President Donald Trump has said the U.S. military will play a key role in distributing the coronavirus vaccine around the country and that the military and other U.S. resources are already being prepared to distribute the potential vaccine.
During a Thursday interview with Fox News’ Maria Bartiromo, Trump signaled optimism that a coronavirus vaccine will be widely available by the end of the year, but that distributing it will be of key importance.
“I will tell you something, I just literally left the meeting, we’re mobilizing our military, and other forces, but we’re mobilizing our military on the basis that we do have a vaccine,” Trump said. “You know, it’s a massive job to give this vaccine. Our military is now being mobilized so at the end of the year we’re going to be able to give it to a lot of people very, very rapidly.”
Trump added, “We will have a tremendous force because assuming we get it, then you have to distribute it and unless you’re mobilized and ready you’re not going to be able to do it for a long time. So we’re starting now.”
Trump said he wants the vaccine to be available for most of the U.S. population, but said he wants the initial focus of distribution to go to sick and elderly individuals at the highest risk from the coronavirus.
“We’re going to focus on nursing homes and you know senior citizen centers,” he said, “because if you look at it, that is a very vulnerable group. It’s a terrible thing. So we’re going to be focused on that.”
The anticipation to have a vaccine and have the distribution network in place to rapidly deploy it comes as the Trump administration recently announced a plan to accelerate the vaccine development process, dubbed “Operation Warp Speed.” Dr. Anthony Fauci, of the White House Coronavirus Task Force, initially said normal vaccine development could take 12 to 18 months, but in announcing the accelerated effort Trump set a goal of having 100 million vaccine doses ready by the end of the year.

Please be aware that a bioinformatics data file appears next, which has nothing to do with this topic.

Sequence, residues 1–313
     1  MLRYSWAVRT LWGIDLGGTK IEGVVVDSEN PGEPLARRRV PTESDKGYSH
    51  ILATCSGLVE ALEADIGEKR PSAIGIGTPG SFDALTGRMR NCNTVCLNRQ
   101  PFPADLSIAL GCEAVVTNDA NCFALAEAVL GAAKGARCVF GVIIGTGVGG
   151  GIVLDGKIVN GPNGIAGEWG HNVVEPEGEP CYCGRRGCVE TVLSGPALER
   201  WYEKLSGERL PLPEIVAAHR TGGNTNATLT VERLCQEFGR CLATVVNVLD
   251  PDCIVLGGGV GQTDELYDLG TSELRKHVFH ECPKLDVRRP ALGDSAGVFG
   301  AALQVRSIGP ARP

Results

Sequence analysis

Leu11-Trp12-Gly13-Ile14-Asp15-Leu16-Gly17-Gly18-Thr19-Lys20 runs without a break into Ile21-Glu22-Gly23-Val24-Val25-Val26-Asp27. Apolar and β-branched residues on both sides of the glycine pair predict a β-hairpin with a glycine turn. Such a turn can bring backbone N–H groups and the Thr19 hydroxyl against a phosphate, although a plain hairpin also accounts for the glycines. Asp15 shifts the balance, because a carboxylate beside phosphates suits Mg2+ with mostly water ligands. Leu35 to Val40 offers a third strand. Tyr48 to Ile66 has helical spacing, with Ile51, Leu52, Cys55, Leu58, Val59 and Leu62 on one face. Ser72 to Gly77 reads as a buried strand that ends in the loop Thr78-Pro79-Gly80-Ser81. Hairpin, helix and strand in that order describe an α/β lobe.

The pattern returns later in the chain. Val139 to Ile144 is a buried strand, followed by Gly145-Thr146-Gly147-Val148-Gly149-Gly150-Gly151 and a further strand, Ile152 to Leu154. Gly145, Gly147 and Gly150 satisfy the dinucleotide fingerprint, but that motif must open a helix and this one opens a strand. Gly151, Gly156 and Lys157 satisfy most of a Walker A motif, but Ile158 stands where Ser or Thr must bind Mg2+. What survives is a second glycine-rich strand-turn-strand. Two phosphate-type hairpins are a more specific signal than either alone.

U.S. News and World Report reported Fauci still believes having mass availability of a vaccine before schools and universities resume is still “a bridge too far.”
As the interview continued Bartiromo asked if Trump would act now to advise at-risk populations to stay home while allowing lower-risk populations could return to work.
“Well we’re doing that,” Trump said. “I’m actually saying like with the schools, open the schools, but if a teacher is 65 or older, especially if they have diabetes, if they have a bad heart, if they have a problem, we say relax for a longer period of time.”